This has been an unpresidented campaign season. We the People still have no idea who will be occupying the oval office next January. No one has hit their delegate count yet, and political fervor and favor morph every day. It’s still true that a candidate will say and do just about anything for a vote, but the pandering has hit a new level. I’ve seen hyperbole on both sides of the aisle, and enough locker room vulgarity to last me until the next election cycle. Nothing is shocking anymore, nothing is surprising. Except for maybe the fact that this year is unknowable and unpredictable. Even the polls are getting everything—including us—wrong. I yearn for the days when you could walk down the streets of your town and profile your fellow citizens perfectly. You could nail them—what their religion was, where they liked to eat, what their hobbies were, where they liked to shop, what music they enjoyed, and so on, by their political yard sign.
I remember what I said to my daughter years ago when she asked me why I didn’t park closer to a convenience store way off the highway in the North Carolina countryside. I rolled my foreign car into an obscure spot under about 32 trees. It was an election year and I told her I didn’t want to offend anyone with my bumper stickers. In reality, I didn’t want anyone to key scratch my car when we were inside the store.
Now, you can’t presume anything about an individual based on the candidate they’re supporting. Even if it seems obvious. As a nation most of us have been forced to settle a bit when it comes to our current crop of candidates. You might vote for someone in a primary just because they are the lesser of two, three, or four evils. You might vote for one candidate simply to negate another. There are exceptions of course. I’ve already spotted a few unapologetic Bernie signs around town. They’ve been mounted by the young, the idealistic, and the vegan. Okay, that’s not fair, but I like to stereotype. (However, my teenage daughter is a relentless Feel the Bern fan and she’s been a vegetarian for over five years now.)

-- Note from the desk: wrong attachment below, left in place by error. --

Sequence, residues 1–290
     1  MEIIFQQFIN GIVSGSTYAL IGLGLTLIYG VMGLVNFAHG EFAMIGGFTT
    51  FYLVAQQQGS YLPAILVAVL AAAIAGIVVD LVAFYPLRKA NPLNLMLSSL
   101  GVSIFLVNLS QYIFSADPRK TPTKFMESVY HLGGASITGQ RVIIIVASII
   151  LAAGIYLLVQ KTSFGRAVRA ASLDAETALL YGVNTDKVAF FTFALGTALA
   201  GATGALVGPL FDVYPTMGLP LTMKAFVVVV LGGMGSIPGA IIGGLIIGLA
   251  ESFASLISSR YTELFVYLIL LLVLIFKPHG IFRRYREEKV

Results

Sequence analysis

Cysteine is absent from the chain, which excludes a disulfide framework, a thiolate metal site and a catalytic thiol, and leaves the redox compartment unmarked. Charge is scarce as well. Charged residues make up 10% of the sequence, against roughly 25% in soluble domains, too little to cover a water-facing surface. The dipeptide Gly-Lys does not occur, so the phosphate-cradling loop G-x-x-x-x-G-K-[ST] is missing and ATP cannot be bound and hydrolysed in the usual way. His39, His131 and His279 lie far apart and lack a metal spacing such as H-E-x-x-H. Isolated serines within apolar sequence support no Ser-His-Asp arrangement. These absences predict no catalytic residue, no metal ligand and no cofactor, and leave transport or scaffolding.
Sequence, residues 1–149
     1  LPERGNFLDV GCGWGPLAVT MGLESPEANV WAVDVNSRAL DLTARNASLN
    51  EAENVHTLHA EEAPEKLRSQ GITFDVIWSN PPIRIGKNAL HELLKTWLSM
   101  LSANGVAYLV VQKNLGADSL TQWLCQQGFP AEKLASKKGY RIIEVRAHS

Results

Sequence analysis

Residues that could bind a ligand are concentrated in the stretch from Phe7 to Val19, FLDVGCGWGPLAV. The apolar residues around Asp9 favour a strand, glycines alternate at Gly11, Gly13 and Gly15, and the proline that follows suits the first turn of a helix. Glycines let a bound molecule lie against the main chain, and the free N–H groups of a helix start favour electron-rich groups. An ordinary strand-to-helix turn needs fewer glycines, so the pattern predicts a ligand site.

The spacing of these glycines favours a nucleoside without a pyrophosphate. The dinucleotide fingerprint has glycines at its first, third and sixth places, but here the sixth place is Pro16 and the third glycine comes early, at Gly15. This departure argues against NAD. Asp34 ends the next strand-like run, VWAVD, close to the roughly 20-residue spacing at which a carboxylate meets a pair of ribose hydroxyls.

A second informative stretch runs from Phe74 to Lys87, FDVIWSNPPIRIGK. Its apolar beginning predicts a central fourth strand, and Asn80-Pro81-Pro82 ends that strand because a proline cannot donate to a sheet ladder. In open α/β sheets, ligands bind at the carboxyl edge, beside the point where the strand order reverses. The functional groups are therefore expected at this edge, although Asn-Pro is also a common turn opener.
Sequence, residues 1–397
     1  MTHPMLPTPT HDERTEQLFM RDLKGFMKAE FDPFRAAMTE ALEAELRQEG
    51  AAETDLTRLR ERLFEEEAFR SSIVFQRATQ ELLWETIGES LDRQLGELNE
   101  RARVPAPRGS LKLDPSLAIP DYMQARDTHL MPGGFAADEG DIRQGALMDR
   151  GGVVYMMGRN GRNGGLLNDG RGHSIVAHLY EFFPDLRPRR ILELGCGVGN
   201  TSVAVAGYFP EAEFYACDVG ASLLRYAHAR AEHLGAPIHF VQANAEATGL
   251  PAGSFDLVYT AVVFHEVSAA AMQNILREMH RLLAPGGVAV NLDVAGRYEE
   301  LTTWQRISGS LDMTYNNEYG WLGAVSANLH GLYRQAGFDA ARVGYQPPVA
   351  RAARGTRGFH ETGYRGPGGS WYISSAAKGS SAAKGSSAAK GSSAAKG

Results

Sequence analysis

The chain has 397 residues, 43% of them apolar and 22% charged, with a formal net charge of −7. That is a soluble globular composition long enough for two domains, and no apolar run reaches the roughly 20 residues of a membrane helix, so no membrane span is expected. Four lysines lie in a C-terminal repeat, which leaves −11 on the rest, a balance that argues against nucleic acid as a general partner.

The great irony of all this is that I’m old enough to remember wearing Nehru collars, maxi dresses, and elephant bell pants. I listened to the Cowsills, collected Aquarius posters, and filled my room with incense and peppermints. And I’m still not 100% sure of my vote. Is it because I also own a pair of cowboy boots, enjoy skeet shooting, and was born in Houston, Texas? This has been a crazy election year so far for We the People. One filled with bemusement, soul-searching, and ambivalence. Some of us won’t be able to cast our ballots with the same enthusiasm as in years past. Maybe because we’re confused about our own political yard sign. In most cases—at least in the primaries—we might be forced to just hold our noses and pull the lever.